Between my Icelandic language courses, the hours that I have spent at immigration, and my time hanging around downtown, I have had the chance to talk with fellow immigrants from around the world about their experiences in Iceland. One unfortunate matter that seems to always pop up is the racial discrimination that so many of them feel they have encountered during their stay. For the most part, I have managed to avoid this, thanks no doubt to the fact that I look like a younger, chubbier American version of Bubbi Morthens. But it’s not hard to figure out that the ever-increasing number of people coming to Iceland from Southeast Asia and Eastern Europe might be easier to classify as “different” by the locals. Now I’m not suggesting that all races should live together in peace, as Martin Luther King, Jr. and many other progressive thinkers have in the past. I don’t believe that’s possible, because race doesn’t exist.
“Hell yes it exists!” you protest. “I am white, she is black, and that guy looks a bit Asian or something.”
I can’t disagree that for the history of mankind, we have grouped culturally-related people who share physical attributes into “races,” but this makes no logical sense. My father recently visited South Africa, and he was startled by the simplicity of the old Apartheid system. Under Apartheid, people were split into four groups: White, Indian, Coloured and Black. At a time when some Americans were busy refining and instituting the eugenics movement and the Nazis were developing various “scientific” methods of determining a person’s race (such as measuring nose size and cranial capacity), South Africa had the simple pencil test. Government officials would take a standard HB pencil and insert it into the hair of an individual. If the pencil didn’t fall out, they were classified as “Coloured.” The problem was that this test was notoriously unreliable, and often resulted in several members of the same family being classified in different racial groups. Oops.
More recently, people have pointed to blood tests and DNA to make it easier to figure out what they are, or more importantly what they are not. But this too is problematic. According to the Howard Hughes Medical Institute, it is true that certain physical traits have been linked to various groups of people. However, most of the genes that cause these traits have not been mapped at the DNA level, meaning that linking one person with their possible ancestry becomes scientifically hopeless. To further complicate matters, we only inherit two of our 23 pairs of chromosomes from our parents, leaving the rest to our collective ancestry and to environmental factors. The Human Genome Project, a 15-year study of DNA funded by the U.S. Department of Energy, has determined that of the 25,000 genes in human DNA (including the sequence of the three billion chemical base pairs that make up that DNA) 99 percent are identical. If you do the math, that means that Dorrit Moussaieff is basically the same person as Silvía Night.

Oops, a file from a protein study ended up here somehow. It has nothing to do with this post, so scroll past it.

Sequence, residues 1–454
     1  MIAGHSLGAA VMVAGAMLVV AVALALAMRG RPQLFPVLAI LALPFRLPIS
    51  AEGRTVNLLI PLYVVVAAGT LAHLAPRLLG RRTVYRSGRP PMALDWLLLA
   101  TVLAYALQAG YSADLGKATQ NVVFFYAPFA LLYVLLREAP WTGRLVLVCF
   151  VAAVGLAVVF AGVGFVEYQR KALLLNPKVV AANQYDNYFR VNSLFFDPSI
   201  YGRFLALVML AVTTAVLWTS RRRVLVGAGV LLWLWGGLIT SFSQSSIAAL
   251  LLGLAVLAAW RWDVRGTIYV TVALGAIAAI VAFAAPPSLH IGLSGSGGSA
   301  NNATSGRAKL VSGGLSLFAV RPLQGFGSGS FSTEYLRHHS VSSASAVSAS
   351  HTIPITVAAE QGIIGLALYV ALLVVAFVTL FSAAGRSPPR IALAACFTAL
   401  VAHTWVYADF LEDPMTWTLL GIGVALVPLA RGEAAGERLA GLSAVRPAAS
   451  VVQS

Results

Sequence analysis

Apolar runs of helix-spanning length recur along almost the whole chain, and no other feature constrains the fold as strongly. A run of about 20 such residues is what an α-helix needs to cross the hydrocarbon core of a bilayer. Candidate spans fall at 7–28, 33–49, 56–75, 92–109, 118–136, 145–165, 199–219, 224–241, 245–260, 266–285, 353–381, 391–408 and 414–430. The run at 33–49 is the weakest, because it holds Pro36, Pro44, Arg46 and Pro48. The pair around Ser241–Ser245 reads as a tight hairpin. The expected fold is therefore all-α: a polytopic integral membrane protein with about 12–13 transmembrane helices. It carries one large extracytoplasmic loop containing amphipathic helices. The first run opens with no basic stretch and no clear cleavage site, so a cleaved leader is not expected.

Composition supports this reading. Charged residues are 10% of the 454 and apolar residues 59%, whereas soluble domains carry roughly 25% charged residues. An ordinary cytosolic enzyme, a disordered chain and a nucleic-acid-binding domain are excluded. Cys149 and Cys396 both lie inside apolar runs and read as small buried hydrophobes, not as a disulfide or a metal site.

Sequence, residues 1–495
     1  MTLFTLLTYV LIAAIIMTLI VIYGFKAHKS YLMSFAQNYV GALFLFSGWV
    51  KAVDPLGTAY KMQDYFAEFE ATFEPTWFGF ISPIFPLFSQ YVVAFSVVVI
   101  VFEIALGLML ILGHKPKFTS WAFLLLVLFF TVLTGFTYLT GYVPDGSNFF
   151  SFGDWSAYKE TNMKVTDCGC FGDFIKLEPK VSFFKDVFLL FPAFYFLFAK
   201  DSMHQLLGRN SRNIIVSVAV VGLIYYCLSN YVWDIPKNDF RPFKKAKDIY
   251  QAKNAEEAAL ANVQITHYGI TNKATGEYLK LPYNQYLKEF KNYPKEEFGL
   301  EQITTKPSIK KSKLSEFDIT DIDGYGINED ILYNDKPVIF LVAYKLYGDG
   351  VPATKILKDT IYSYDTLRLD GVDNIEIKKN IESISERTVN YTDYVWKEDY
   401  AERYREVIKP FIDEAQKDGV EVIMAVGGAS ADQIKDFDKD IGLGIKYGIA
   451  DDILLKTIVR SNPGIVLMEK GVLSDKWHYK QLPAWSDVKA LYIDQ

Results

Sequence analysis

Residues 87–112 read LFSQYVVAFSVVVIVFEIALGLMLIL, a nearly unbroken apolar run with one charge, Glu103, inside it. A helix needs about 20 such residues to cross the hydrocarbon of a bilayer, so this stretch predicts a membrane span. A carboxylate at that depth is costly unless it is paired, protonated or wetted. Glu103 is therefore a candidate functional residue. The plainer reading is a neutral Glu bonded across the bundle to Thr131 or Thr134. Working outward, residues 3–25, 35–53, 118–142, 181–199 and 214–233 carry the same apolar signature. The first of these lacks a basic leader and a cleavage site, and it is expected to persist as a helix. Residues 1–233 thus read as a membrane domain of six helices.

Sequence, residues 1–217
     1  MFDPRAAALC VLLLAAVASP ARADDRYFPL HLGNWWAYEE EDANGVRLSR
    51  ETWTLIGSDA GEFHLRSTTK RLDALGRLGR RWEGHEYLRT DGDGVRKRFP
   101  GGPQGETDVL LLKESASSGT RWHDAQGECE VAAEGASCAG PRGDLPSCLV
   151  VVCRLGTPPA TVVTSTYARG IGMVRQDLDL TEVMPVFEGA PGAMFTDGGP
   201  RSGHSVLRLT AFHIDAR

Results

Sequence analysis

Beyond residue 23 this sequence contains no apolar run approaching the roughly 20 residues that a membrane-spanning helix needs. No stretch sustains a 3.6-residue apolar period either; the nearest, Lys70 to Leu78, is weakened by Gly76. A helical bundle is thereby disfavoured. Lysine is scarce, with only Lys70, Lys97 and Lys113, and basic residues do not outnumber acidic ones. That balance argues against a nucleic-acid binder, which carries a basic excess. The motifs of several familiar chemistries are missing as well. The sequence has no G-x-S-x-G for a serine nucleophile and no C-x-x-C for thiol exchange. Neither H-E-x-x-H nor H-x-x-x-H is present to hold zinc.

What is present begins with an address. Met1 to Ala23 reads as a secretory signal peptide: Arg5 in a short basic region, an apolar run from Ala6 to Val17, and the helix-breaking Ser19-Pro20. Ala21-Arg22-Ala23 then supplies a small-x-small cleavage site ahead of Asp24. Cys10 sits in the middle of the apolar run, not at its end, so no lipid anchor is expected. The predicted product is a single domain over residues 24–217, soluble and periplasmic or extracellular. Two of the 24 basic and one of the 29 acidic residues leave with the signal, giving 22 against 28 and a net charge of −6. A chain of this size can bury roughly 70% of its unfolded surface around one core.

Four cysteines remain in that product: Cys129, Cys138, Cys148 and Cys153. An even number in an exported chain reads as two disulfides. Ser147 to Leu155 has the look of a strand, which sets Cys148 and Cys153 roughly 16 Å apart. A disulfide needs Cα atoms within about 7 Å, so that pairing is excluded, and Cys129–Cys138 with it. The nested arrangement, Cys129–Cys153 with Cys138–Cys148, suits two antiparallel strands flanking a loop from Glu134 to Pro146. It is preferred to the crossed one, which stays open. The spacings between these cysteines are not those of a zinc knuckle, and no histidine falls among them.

And let’s face it, how much do we really know (or want to know) about the mating habits of our great-grandparents? All it takes is a bottle of rum and a broom closet to alter the DNA makeup of an entire family.
Naturally, as different governments try to use this information to determine what percentage of a group’s ancestral blood a person must contain to be part of that group, inconsistencies have arisen. For example, there are places in South America and Asia where crossing over a national border makes you a different race, due to the divergence of classification systems.
If our idea of a human being’s race is determined by arbitrary physical characteristics, which change depending on where you happen to be in the world, then race becomes simply a tidy little manmade way of grouping people, and nothing more. In other words, the word “black” and “white” could just as easily have been “fork” and “spoon.” You could then take a set of those eating implements all over the world and hear them called by thousands of different names. The names of the utensils would change, but they would still be the same tools that help us consume food. They would cease to have names, and just become identifiable by what they do; their basic description. Just as, I would propose, we should all be categorised – by our most basic description: Human.
This may feel too all-encompassing. The Smithsonian Institution’s definition of human includes “habitual bipedality,” and “functional hairlessness,” which would cover damn near everybody outside of the sailor’s bars downtown. But we like to see different groups of people as, well, different. Why? I can understand the evolutionary need to protect one’s resources in order to ensure survival, but is that really necessary here and now? Iceland has more Mercedes per capita than Germany, and I just paid more for a miniature apartment in Reykjavík than the gross domestic product of Guatemala. It seems that resources abound… so why are we dealing with this here?
America has struggled with the effects of racial categorisation and disharmony for over 200 years, and the rest of the world has for much longer. Iceland is now faced with the growing issue of how to address the needs of its immigrant population. I hope that my new home country will learn a valuable lesson from the mistakes of the past and lead its citizens by example.
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